With temperatures dipping and some forecasters warning that 2015 could bring the coldest winter for over 50 years, it's time to think about how to protect yourself, and your car, for driving during the winter months.
WINTER CAR MAINTENANCE
Winter driving puts an increased strain on both you and your car, so it's important to make sure that everything is in good order.
A few simple checks can greatly reduce the chance of a breakdown, as well as potentially making your car easier and less stressful to drive in winter ice and snow.
Fixing something that's relatively inexpensive now, after all, might avoid a much more costly failure in the colder conditions – or prevent you from having to pay a costly recovery fee after becoming stranded somewhere.
To ensure you don’t fall foul of the conditions, here's our list of recommended winter car maintenance tips.
The bare essentials
As a minimum, make sure you have done all your regular checks before winter sets in. Check your car's oil level, coolant level, tyre pressures and lights. If your car hasn't been serviced for some time, it might be worth getting it done before winter sets in. It'll help ensure that everything's in good order before the temperature falls.
Now's also the time to attend to any mechanical or electrical faults, as they could bring your car grinding to a halt in the worst possible weather. Test all of your car's systems as well, as you don't want to find out later that things like your heated rear windscreen have failed.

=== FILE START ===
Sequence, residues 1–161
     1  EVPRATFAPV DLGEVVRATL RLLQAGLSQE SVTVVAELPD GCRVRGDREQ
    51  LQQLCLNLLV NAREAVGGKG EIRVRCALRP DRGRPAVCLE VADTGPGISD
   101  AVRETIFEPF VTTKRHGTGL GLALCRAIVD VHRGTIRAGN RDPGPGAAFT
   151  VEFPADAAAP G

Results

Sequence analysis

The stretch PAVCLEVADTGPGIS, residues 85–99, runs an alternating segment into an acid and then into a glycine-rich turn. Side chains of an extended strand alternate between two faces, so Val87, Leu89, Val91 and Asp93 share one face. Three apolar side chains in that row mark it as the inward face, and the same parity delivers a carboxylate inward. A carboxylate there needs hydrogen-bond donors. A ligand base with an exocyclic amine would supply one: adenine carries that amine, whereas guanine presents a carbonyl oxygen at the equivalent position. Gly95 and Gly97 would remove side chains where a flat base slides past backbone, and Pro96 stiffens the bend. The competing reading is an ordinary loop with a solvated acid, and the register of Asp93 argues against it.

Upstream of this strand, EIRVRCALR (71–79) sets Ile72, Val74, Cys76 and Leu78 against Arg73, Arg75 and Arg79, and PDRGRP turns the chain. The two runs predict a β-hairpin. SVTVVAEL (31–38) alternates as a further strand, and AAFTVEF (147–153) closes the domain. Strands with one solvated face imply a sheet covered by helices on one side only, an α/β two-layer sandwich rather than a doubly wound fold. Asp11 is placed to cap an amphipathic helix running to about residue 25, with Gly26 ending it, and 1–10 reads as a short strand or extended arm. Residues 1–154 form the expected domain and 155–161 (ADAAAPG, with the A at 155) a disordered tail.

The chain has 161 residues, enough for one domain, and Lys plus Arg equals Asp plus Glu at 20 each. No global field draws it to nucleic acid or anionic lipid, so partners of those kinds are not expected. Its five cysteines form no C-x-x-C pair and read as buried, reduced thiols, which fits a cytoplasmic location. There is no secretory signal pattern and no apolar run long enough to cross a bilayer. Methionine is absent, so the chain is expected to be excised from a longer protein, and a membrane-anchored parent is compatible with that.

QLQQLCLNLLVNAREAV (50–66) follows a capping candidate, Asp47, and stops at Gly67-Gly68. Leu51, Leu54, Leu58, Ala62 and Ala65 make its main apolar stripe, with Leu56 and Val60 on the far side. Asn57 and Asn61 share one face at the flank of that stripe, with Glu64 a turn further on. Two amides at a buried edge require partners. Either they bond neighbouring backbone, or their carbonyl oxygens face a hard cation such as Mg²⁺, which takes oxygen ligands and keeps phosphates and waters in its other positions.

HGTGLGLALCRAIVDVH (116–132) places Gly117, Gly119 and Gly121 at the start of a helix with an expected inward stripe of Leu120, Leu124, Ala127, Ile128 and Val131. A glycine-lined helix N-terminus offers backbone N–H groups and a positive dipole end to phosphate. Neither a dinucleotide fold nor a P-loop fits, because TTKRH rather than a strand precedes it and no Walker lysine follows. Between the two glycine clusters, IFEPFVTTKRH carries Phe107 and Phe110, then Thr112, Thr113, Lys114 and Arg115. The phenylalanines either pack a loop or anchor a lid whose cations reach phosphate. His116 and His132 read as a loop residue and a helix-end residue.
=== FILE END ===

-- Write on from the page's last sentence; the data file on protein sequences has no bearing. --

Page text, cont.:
Check your antifreeze
If your car's cooling system doesn't have the correct amount of antifreeze in it, you could experience a major failure when the thermometers start falling below zero.
Get an antifreeze tester from your local motor factors and check your handbook to see what the mixture should be, and what kind of antifreeze you should be using. Any local dealer or garage will be able to test it for you, if need be.
Inspect the rest of the cooling system as well to ensure that the radiator, coolant hoses and water pump are free from leaks or visible damage.
Take care of your car's battery
The cold can take its toll on your car's battery, even more so if you're not driving regularly. If you find your car slow to start as the temperature falls, your battery is most likely on its way out. So if you've any doubts about the condition of the battery, get it tested by a local dealer or garage.
If your car's battery goes flat if you leave it several days, because of a fault or drains caused by an alarm system, consider investing in a trickle charger to keep it topped up – or get an automotive electrician to resolve any issues.
Keep your lights bright
Besides making sure all your lights work properly, if you know your car's light lenses are damaged or faded then consider picking up a decent scratch repair kit for around £14.99. Carry a set of spare bulbs in your car, too, to avoid getting caught out.
Older cars may also benefit from an upgrade to more powerful bulbs in order to improve visibility, but make sure to choose compatible and appropriate bulbs.
Inspect your brakes
Rattles, squeals, shakes, a soft brake pedal and a noticeable increase in stopping distance are all signs that your car's braking system is in need of attention.
Stopping distances are vastly increased on icy or snowy roads, and worn or faulty brakes will only exacerbate them further - so it's best to get them looked at.